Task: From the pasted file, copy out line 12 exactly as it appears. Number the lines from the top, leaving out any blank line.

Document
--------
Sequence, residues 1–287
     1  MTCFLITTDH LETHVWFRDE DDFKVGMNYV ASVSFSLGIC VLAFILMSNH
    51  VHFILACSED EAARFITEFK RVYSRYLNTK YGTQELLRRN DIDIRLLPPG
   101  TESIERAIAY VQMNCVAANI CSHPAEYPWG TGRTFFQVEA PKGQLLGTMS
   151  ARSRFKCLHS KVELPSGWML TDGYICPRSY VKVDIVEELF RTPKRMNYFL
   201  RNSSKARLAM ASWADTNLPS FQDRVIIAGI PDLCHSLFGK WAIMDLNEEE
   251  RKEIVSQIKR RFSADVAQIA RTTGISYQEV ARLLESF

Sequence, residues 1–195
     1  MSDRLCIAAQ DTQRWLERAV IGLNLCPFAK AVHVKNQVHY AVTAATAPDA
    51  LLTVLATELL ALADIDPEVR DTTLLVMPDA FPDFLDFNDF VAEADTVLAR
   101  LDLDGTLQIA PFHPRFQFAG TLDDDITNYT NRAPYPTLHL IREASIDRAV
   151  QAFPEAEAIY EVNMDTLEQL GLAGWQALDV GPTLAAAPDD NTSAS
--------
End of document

   151  QAFPEAEAIY EVNMDTLEQL GLAGWQALDV GPTLAAAPDD NTSAS